'Sasser' Teen Released Other Worms

home of Sasser computer worm suspect in Germany AP

An 18-year-old German who confessed to creating the "Sasser" computer worm apparently released a new version of the program shortly before he was arrested last week, investigators said Monday.

The teenager was arrested Friday in the northern town of Waffensen after informants seeking a reward tipped off Microsoft Corp. In a search of his family's home, German investigators confiscated his customized computer, which contained the worm's source code.

On Monday, German investigators said Microsoft had reported some computer users were having problems with "Sasser e," a variation of the original worm.

Frank Federau, a spokesman for the state criminal office in Hanover, said the worm was "a slightly modified form" of the program that raced around the world over the past week, exploiting a flaw in Microsoft's Windows operating system. The suspect likely programmed it "immediately before his discovery," he said.

Four versions of Sasser were already known. Police have said the German teenager, whose name was not released, was responsible for all of them in addition to the "Netsky" virus.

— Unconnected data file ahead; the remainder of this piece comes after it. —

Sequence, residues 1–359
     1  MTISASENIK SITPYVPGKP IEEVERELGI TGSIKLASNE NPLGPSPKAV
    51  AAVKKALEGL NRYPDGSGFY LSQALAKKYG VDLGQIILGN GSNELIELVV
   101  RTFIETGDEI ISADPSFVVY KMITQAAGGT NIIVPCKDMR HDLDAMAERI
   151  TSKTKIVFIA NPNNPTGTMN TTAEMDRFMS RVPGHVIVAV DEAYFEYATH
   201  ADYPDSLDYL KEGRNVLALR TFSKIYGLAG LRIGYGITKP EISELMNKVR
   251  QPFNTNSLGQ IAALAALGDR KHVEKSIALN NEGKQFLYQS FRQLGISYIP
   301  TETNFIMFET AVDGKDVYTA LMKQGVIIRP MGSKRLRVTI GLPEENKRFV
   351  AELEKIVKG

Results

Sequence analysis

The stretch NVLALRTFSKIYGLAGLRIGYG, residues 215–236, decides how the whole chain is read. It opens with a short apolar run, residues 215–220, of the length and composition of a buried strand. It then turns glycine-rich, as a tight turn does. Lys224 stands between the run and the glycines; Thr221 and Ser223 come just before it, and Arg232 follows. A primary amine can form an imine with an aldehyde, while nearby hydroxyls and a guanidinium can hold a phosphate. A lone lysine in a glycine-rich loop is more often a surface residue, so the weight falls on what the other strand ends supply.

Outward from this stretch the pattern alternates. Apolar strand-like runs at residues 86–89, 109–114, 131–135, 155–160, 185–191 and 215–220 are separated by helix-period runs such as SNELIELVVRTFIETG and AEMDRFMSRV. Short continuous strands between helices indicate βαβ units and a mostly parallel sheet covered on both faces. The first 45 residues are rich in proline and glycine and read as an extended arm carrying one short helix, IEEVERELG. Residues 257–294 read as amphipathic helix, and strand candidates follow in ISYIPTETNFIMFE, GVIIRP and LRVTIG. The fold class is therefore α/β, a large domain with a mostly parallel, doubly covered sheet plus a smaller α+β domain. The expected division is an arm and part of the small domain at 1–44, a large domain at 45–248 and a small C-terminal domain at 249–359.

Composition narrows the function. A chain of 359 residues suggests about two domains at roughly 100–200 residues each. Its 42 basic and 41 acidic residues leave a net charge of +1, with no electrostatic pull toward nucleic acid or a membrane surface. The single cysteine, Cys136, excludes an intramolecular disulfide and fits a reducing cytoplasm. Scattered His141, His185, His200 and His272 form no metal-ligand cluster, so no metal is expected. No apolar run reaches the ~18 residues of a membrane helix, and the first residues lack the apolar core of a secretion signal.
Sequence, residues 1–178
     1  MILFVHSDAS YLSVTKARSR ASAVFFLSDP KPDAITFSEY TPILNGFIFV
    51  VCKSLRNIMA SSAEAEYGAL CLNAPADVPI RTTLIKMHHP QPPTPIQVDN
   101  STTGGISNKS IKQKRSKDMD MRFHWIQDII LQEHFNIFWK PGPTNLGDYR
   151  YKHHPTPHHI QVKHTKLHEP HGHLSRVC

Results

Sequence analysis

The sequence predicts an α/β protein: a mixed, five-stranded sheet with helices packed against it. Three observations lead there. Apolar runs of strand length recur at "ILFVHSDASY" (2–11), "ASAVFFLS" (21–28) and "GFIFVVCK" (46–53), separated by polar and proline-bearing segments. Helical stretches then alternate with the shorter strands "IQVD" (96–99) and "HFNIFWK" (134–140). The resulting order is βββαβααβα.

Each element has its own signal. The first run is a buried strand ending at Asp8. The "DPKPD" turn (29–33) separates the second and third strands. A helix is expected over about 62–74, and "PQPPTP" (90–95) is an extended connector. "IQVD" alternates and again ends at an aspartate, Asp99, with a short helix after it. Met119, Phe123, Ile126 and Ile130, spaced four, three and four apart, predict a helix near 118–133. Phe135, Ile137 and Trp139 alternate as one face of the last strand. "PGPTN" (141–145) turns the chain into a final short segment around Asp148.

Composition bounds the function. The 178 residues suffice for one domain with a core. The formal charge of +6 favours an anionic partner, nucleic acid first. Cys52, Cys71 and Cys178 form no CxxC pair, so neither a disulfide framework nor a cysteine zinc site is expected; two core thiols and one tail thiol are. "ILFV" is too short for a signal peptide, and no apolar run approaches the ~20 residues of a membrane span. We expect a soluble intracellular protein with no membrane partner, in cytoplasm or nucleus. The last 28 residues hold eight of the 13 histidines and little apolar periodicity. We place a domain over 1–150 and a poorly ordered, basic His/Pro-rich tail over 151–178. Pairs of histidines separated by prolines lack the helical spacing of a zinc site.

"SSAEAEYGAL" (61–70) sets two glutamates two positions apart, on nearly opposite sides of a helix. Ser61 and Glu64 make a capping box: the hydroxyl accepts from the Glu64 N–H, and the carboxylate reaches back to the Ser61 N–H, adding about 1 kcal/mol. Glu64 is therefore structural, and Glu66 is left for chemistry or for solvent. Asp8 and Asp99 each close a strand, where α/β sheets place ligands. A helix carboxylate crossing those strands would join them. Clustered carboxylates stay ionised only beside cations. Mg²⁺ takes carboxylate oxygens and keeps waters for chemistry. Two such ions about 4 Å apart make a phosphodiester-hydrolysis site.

Sasser is known as a network worm because it can automatically scan the Internet for computers with the security flaw and send a copy of itself there.

That means that even with the arrest of the German teen, there's still a threat.

"Sasser continues to propagate on its own, and it's going to be with us for awhile," warns CBSNews.com Technology Consultant Larry Magid. He recommends that Windows users who have not already done so should go to Microsoft's Windows update site and download the latest patch. Plus, "you should always have anti-virus software and you should have a firewall program to keep hackers and malicious viruses out of your computer."

The student is being investigated on suspicion of computer sabotage, which carries a maximum sentence of five years in prison. He was released pending charges after questioning last Friday, where he admitted creating Sasser, police said.

On Monday, investigators were still evaluating material from the confiscated computer.

"This will take quite a long time," criminal office spokesman Detlef Ehrike said. Investigators and prosecutors are working to prepare hundreds of pages' worth of data for possible use in a court case, he said.

The teenager has told officials that his original intention was to create a virus, "Netsky A," that would combat the "Mydoom" and "Bagle" viruses, removing them from infected computers. During that effort, he developed the Netsky virus further — and after modifying it created Sasser.

"This worm did a lot of damage worldwide. It delayed flights of British airlines, it shut down government agencies in a number of countries, and it wreaked havoc on hundreds of thousands of computers, both in the corporate world and at home," said Magid.
  • John Esterbrook

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